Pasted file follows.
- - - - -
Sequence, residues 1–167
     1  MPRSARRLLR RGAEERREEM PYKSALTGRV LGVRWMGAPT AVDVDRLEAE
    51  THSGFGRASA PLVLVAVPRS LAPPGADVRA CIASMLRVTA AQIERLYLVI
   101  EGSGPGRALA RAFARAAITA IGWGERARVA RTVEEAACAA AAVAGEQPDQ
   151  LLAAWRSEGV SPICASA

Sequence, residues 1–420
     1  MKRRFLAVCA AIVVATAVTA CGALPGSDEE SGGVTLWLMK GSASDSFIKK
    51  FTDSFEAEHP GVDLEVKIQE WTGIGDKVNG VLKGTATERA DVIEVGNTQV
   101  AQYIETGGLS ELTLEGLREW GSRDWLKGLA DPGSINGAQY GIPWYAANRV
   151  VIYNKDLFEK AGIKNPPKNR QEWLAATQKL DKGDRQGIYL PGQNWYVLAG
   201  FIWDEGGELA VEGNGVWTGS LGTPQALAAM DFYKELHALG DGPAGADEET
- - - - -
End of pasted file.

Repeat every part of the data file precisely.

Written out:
Sequence, residues 1–167
     1  MPRSARRLLR RGAEERREEM PYKSALTGRV LGVRWMGAPT AVDVDRLEAE
    51  THSGFGRASA PLVLVAVPRS LAPPGADVRA CIASMLRVTA AQIERLYLVI
   101  EGSGPGRALA RAFARAAITA IGWGERARVA RTVEEAACAA AAVAGEQPDQ
   151  LLAAWRSEGV SPICASA

Sequence, residues 1–420
     1  MKRRFLAVCA AIVVATAVTA CGALPGSDEE SGGVTLWLMK GSASDSFIKK
    51  FTDSFEAEHP GVDLEVKIQE WTGIGDKVNG VLKGTATERA DVIEVGNTQV
   101  AQYIETGGLS ELTLEGLREW GSRDWLKGLA DPGSINGAQY GIPWYAANRV
   151  VIYNKDLFEK AGIKNPPKNR QEWLAATQKL DKGDRQGIYL PGQNWYVLAG
   201  FIWDEGGELA VEGNGVWTGS LGTPQALAAM DFYKELHALG DGPAGADEET